So, I've obviously bought the opposite products than I was hoping for more than I care to admit. I've also cleaned the toilet with oven cleaner (it did quite a nice job, actually) and made other similar faux pas.  Take rice for instance. I've cooked rice all my life with great success. Here there was a package of rice in the cupboard and it said that the rice cooks in 10 minutes. I've never used converted rice before, but figured that's what I had here. So I looked on the back of the package to look for readable (for me) clues that would tell me how much water to use for the rice. While 1 liter of water seemed like a lot for a little package of rice, I confirmed with Doug that it did, indeed, say to use 1 liter of water. So I did. An hour later, the water was absorbed and I had the biggest pan of thick white paste that would have made a great advertisement for Elmer's Glue. What a mess. I dug the package out of the garbage can and showed it to Doug to prove that I had "read" it correctly. The joke was again on me--I really was supposed to use 1 liter of water but that was just to bring to a boil before dropping the whole little brown bag (bag and all) into the boiling water, cooking for ten minutes, removing the bag, cutting it open and pouring out perfectly cooked rice. Again, who knew?

Sometimes I think I just need to go to an xylem--at least there we can solve water. What the heck? I apparently don't even understand English any more.

A few other things that I really am miraculously getting accustomed to (and actually enjoying the process) are these:

  • The hot and cold water faucets are on opposite sides than I'm used to--usually. If there is a pattern on when the hot is on the left and the cold on the right, I can't figure it out. To add to the guessing game, one turns on by twisting away from you and the other by twisting toward you. It's always a guess--no consistency for the hot turning one way and the cold the other. Seems so inconvenient, wasteful, and time consuming to me. I'll let you know if I find a pattern--I'm sure you'll sleep better knowing, and I know I will.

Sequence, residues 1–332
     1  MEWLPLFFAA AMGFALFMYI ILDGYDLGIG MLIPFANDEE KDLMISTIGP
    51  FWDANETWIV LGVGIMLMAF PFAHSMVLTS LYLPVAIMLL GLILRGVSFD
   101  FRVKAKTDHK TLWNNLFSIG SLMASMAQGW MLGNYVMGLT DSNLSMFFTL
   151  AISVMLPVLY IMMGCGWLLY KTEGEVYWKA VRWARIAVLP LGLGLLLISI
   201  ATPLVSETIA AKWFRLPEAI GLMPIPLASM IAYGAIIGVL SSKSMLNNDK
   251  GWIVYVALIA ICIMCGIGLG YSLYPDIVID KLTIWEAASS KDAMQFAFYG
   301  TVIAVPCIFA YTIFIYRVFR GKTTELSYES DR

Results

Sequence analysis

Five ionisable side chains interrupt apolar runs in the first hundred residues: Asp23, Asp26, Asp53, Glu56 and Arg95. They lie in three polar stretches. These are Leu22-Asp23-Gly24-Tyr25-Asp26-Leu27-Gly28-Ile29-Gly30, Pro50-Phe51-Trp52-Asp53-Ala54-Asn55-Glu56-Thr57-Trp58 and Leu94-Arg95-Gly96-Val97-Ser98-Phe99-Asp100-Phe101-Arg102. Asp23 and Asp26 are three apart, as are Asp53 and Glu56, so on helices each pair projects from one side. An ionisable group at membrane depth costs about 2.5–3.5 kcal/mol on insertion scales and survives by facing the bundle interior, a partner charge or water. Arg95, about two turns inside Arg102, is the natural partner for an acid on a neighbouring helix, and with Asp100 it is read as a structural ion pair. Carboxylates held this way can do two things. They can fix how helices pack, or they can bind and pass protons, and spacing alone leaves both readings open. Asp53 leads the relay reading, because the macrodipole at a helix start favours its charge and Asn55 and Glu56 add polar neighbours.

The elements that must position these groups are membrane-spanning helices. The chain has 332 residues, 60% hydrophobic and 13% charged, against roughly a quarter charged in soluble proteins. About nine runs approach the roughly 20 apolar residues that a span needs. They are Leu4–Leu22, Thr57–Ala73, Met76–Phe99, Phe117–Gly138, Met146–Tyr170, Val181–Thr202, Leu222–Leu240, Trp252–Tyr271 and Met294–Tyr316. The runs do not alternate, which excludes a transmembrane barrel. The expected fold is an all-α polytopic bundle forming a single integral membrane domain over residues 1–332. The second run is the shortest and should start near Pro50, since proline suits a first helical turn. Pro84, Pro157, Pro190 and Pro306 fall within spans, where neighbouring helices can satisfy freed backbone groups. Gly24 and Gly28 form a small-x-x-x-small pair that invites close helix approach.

• Restaurants don't open for dinner until 7:00 p.m. Being "senior citizens," we would really like to have our supper in the early evening, please. Also, the French like to dine for a couple of hours so the waiters, waitresses, and cooks, really take their time. Sometimes we've waited 30 minutes to receive our check after asking for it.
  • A great thing about restaurants is that there is no tipping. Nice. A frustrating thing about restaurants is that you don't get ice in your water or butter for your baguette.
  • One of the first words I learned in French from Rosetta Stone (pre-mission) was "cheval." It means horse. I'm so grateful I learned that word, even though at the time I thought it silly to learn the word for horse. BUT, as I was looking for meat at the grocery store, I was glad to realize that the section of meat I was in was "cheval." That was a close call--getting granulated sugar when I wanted powdered is far better than getting horse meat when I wanted beef.